The population of Hoffman Estates was only 8000 residents but that was a lot of door bells to rings and visits to be made to persuade neighbors and friends to vote for either the Good Government Party or the People’s Party.

It was decided that the elections would be non-partisan, neither Republican nor Democrat.  Both parties would rely on posters, flyers and newspapers to get their message across to so many in so little time.

Election Day finally arrived on November 7.  After three votes to incorporate, the early residents finally had a say in who would govern them and how they would govern themselves.  Now the democratic process would help them shape their future.

The residents of Hoffman Estates would choose Ed Pinger as President, Marilyn Brading as Clerk, James Gannon, Bruce Berger, Ed Deerfield, Ed Cunningham, John Pickering and Roy Jenkins as Trustees.  The Good Government Party had won the election.

On November 12, 1959 the first village board meeting was held.  It was the first of many and the beginning of the Village of Hoffman Estates.

Pat Barch
Hoffman Estates Village Historian
Eagle2064@comcast.net

THE OFFICIAL FLOWER AND TREE OF HOFFMAN ESTATES

October 30, 2016

To celebrate the 20th anniversary of Hoffman Estates, the Environmental Commission sponsored a contest to select an official Village flower and tree.  Many may not know that we have a Village flower and tree.  The announcement of the winners was published in the September/October 1979 Citizen newsletter.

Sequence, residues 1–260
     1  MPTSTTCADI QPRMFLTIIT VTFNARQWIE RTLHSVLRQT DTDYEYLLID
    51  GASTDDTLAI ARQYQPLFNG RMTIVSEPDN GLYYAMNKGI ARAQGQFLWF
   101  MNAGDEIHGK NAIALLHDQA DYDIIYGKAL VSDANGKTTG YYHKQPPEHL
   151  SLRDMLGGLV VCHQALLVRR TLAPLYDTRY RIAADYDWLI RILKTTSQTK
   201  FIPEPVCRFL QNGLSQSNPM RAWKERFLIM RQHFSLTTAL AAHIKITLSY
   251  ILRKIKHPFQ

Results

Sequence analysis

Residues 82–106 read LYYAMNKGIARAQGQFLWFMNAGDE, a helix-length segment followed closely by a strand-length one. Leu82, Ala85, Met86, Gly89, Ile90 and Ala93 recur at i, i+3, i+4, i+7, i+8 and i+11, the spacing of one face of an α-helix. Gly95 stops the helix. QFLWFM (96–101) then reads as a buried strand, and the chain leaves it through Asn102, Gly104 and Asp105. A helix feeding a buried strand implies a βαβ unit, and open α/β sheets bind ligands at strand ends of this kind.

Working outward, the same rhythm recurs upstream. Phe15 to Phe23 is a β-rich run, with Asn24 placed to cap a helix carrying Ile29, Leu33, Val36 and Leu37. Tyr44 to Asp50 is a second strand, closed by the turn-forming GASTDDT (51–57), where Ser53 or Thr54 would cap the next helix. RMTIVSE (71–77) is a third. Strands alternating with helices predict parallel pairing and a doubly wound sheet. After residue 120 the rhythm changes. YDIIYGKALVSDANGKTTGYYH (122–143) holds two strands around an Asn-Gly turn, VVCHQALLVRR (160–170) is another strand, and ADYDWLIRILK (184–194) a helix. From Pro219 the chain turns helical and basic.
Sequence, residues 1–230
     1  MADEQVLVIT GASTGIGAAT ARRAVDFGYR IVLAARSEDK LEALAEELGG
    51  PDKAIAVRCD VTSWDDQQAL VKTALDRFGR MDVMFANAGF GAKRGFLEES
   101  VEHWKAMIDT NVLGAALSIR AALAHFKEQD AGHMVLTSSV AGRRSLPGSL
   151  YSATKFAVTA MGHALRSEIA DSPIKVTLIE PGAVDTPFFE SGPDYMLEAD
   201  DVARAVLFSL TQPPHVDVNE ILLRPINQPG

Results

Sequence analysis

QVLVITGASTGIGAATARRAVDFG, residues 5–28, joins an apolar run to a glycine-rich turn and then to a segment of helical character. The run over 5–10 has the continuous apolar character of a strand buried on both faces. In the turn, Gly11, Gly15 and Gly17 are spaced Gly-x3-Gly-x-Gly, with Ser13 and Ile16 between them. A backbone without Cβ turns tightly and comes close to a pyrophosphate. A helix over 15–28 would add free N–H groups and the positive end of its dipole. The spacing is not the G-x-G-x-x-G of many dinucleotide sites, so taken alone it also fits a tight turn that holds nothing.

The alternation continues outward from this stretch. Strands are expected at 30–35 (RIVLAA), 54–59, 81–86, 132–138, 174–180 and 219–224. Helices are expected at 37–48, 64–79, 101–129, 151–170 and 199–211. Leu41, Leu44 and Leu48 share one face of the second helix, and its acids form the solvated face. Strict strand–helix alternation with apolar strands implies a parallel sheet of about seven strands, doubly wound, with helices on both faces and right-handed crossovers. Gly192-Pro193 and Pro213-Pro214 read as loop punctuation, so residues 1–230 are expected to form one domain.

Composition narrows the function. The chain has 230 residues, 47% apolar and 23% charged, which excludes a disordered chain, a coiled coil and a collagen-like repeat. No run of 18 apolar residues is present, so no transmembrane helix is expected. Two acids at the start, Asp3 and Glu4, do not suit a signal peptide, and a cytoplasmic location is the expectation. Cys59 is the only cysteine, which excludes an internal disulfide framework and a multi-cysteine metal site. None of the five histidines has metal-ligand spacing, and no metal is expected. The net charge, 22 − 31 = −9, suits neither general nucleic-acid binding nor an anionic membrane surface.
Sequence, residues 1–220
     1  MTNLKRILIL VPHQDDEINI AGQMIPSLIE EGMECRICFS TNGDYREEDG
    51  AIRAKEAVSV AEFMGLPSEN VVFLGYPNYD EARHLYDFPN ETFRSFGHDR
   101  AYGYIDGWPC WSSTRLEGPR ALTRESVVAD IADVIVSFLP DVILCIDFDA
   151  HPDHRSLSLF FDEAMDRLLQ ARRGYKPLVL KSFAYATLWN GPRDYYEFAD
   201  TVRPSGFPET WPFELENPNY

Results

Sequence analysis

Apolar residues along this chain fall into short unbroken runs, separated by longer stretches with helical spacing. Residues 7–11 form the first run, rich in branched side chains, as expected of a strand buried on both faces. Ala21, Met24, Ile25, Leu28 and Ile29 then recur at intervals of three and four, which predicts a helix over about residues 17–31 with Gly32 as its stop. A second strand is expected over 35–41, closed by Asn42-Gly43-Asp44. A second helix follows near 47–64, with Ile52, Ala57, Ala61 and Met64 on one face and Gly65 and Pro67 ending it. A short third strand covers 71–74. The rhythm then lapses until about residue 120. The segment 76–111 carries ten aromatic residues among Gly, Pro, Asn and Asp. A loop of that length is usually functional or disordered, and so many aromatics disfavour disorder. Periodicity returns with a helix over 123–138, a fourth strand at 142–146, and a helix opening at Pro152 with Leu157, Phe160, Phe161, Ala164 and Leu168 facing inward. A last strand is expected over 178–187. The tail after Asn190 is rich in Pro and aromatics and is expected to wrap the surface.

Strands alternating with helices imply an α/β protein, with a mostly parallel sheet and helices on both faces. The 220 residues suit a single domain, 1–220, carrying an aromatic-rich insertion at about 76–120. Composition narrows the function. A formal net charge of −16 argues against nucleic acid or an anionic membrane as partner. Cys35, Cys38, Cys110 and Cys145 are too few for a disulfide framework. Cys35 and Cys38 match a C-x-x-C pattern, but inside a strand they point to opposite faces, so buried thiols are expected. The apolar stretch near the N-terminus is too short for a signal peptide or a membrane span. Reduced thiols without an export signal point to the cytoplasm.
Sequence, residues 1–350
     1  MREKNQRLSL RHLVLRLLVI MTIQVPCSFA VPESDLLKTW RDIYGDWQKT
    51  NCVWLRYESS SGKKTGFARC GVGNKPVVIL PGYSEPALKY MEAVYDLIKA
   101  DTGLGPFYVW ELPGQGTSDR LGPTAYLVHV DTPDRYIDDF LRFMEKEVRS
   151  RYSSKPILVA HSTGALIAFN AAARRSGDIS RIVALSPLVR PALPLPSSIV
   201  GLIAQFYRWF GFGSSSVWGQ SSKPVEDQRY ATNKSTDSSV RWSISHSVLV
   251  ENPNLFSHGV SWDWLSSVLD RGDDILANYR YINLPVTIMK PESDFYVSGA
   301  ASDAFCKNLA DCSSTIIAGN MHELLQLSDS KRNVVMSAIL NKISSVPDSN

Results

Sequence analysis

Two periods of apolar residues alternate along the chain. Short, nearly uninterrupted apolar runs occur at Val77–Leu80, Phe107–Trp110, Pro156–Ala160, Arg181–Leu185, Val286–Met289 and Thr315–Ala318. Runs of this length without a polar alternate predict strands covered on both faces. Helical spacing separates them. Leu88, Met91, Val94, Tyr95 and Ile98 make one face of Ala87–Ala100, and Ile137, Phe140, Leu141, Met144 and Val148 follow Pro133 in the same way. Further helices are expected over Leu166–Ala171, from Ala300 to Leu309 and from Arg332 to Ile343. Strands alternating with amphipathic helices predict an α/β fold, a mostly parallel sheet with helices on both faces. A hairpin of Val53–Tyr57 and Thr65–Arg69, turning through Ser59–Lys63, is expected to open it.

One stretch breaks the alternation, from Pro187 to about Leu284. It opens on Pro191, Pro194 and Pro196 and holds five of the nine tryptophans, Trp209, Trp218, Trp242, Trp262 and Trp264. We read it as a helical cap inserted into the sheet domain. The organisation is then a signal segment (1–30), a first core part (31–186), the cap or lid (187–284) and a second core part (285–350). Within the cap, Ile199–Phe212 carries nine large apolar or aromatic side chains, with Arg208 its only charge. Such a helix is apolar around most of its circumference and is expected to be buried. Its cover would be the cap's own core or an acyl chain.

Ginger Dickerson, who had lived in the village for 8 years, chose the daisy for the official flower of Hoffman Estates.   She said that the daisy “has always been a symbol of simplicity and durability.”  She also said that “the daisy was growing on the land long before there were people or houses in Hoffman Estates.” daisy

The daisy is one of my favorite flowers.  As children we always played the “he/she loves me, he/she loves me not” game as we picked off each petal to learn the truth.  I also learned that the daisy represents a new beginning.  It certainly is a flower that represents many new beginnings for all the residents of Hoffman Estates.

Dave Pivorunas, “ a senior honor student majoring in ornamental horticulture at Michigan State University”  felt that the Hackberry tree should be the village’s official tree.  The tree is native to the area and has a beautiful cork like bark as well as loads of purple berries that the birds love to feast on in the fall.   In doing some research on the tree I found that the berries are edible and have a high fat content  that helps birds survive the winter or their migration south.

Dave felt that the tree would be the best choice for village tree because, at that time, it was the oldest and largest tree growing on the old village hall property on Illinois Blvd., now the Children’s Advocacy Center.

I had to drive over to the old village hall and see for myself if the tree was still there, and it was.  It’s a majestic tree, hugging the front of the old Geiske/Hammerstein farm house, shading a majority of the roof and gracefully hanging over the front walk.  The farmhouse dates back to the late 1840s and the tree could be well over 150 years old.

hackberry-tree-2

 

Perhaps in the future, we can consider choosing a village bird since we have more than 4000 acres of park district and forest preserve land within our village boundaries.  I can’t even count the number of different bird species that I hear and see in my neighborhood, maybe for our 60th anniversary.

Pat Barch, Hoffman Estates Historian
eagle2064@comcast.net